Today’s article is a mixture of design and business. Oh, plus a little bit of predicting the future.

Between the From the Vault, Duel Decks, and various multiplayer product lines, WotC has created a lot of excellent ways for themselves to reprint cards that players want, but have limited access to because there were simply fewer of those cards printed back in the day.

Choosing what to reprint in any given product is not nearly as simple as “what do I wish I had more of.” There are a lot of things to take into account, such as:

– Does the card make sense in the product?
– Are we allowed to reprint it?
– How much value does it add to the product / how much value does it make sense to put in given the desired price point of the product?
– Will this card drive sales of this product?

For most reprints, the kind that appear in regular expansions and core sets, the only real question is “does this make sense here?” I want to impress upon you that for those products, nobody goes in thinking “what can I reprint here” but rather they are trying to fill card slots, and those slots have certain needs, and a reprint sometimes serves those needs better than a new card. Heck, Magic would play fine with 20% reprints per set, but the customer (that’s you) would get mad pretty fast if there were so many repeats so often. So they keep them to a minimum. (Core sets are an interesting exception, but their history has shaped them into what they are today. Also, until M10, they were the worst selling sets every year. Actually, probably even now, but I’m sure they’re a lot closer.)

My favorite recent “fly casual,” reprint was [card]Curiosity[/card] in Innistrad. I feel a little “I see what you did there” when I see this reprint. It makes perfect sense, and is almost like an inside joke – [card]Curiosity[/card] gets people killed in horror movies, and they already had a card with that name so… why wouldn’t they reprint it in Innistrad?

For the aspiring designer, the best advice I have on this kind of reprint is: don’t try so hard. Don’t reprint [card]Sakura-Tribe Elder[/card] when [card]Sylvan Ranger[/card] or [card]Borderland Ranger[/card] will do the job just fine. It’s easy to get excited about it when it’s the first time you are choosing a common to reprint, but you have to get into the professional mind set. You’ll be choosing a few reprints for each new set, and what works for the set is more important than the individual card. Will [card]Sakura-Tribe Elder[/card] eventually be the right card? Maybe. Even if it will never be right, there are other ways to get it reprinted, and the main line of expansion sets is not the place for personal-mission style reprinting.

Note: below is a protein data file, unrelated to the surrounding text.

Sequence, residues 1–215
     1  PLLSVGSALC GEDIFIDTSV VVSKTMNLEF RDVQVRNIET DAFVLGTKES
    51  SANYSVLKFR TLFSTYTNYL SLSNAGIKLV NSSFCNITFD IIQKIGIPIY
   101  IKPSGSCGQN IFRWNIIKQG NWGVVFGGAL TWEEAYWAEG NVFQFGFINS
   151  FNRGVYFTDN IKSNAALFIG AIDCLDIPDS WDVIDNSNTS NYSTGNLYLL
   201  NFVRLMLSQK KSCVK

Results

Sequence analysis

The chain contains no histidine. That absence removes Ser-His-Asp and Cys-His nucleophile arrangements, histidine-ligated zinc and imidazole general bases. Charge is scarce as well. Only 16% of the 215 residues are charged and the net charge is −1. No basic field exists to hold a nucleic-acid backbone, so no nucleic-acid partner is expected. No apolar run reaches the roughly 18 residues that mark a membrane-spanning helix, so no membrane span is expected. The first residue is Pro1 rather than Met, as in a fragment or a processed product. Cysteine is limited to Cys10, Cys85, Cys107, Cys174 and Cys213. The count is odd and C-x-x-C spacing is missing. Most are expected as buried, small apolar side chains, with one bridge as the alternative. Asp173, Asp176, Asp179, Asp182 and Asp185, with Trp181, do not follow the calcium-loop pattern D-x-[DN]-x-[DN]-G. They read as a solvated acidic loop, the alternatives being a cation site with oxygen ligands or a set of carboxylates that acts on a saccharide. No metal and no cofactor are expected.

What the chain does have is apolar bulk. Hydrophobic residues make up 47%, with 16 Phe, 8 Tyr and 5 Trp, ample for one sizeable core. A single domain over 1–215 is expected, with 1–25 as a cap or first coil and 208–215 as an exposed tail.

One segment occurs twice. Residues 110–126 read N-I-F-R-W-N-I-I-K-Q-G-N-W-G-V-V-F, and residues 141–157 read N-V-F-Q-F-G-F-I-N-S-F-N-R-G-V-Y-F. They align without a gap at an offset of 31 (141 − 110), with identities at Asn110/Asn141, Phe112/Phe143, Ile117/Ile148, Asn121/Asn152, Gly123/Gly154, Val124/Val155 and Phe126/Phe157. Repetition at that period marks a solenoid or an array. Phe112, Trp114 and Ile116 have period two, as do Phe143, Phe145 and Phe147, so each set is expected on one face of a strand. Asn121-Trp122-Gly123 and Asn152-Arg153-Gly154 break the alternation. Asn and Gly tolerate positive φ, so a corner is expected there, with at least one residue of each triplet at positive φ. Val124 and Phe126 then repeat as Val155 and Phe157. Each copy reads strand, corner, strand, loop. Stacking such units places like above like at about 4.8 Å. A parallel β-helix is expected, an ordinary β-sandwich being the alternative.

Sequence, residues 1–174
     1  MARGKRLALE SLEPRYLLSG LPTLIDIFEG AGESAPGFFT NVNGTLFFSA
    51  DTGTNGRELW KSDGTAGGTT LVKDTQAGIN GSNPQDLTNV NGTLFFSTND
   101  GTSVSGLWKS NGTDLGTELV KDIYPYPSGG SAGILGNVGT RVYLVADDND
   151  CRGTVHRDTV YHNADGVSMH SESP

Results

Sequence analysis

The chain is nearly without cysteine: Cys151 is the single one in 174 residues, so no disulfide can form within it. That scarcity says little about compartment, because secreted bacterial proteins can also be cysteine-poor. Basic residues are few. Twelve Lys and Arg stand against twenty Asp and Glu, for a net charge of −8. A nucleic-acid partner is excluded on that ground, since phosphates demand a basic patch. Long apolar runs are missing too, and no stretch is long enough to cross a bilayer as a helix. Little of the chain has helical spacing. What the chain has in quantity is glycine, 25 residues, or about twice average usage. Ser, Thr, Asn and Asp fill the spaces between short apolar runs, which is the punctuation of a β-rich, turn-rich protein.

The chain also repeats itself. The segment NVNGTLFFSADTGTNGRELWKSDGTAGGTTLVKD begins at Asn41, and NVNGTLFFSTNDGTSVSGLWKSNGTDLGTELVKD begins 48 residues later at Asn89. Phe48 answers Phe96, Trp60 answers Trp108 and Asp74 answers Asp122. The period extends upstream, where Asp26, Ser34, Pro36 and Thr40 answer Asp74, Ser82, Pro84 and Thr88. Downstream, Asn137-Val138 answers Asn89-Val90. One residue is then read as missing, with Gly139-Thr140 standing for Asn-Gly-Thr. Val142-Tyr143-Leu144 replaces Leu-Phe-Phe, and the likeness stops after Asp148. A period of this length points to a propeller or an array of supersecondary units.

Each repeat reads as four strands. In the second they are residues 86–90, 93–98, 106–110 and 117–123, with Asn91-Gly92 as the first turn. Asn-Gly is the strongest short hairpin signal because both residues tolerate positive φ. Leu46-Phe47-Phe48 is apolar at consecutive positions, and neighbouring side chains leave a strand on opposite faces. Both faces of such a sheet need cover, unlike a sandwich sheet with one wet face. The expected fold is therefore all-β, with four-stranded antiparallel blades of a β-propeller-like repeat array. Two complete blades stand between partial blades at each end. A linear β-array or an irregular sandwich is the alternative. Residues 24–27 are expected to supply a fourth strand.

The next level up is the multiplayer products. The cards in these are largely reprints, but there is also something else going on. Planechase has plane cards, Archenemy has Schemes, and Commander has new generals and lots of other new cards. There are new things other than reprints, which takes a lot of pressure off of the reprints. You don’t need your reprinted cards to do much work, other than be good in the deck. This makes multiplayer products a great place for low-rarity personal-favorites to be reprinted. You’ll note that [card]Sakura-Tribe Elder[/card] appeared in Archenemy and then again in Commander. Another good example of a reprint that works in the deck and also brings back a somewhat desirable card is [card]Thran Dynamo[/card] (in Archenemy). While not an expensive card, it is something that Commander decks often want, and is very fair in casual formats. It’s not so special that many players would know about it or go out of their way to get it (unlike the better-know, aforementioned [card]Sakura-Tribe Elder[/card]). Putting it in the product may have been more about increasing awareness of the card than about creating a supply.

Duel Decks are different from those multiplayer products because the reprints have to do a little more work. These decks don’t contain anything other than reprints (and sometimes one preview card), so the reprints have to do all the work required to sell the product. Equally important is how well the pair of decks play against each other. They have to be fun when they face each other 100 times in a row. Finally, these products also have a strong theme – the faction or Planeswalker that headlines the deck. So you are also restricted to cards that fit the theme. Chandra deals direct damage, and she loves fire. You don’t put in [card]Lightning Bolt[/card], because that’s lightning, not fire. It doesn’t matter if it’s “the best direct damage” or “the spell you most wanted to reprint” – you’ve got to stick to the theme as best you can. There is ready a great article about the design of Jace vs Chandra, if you are interested in reading more about it.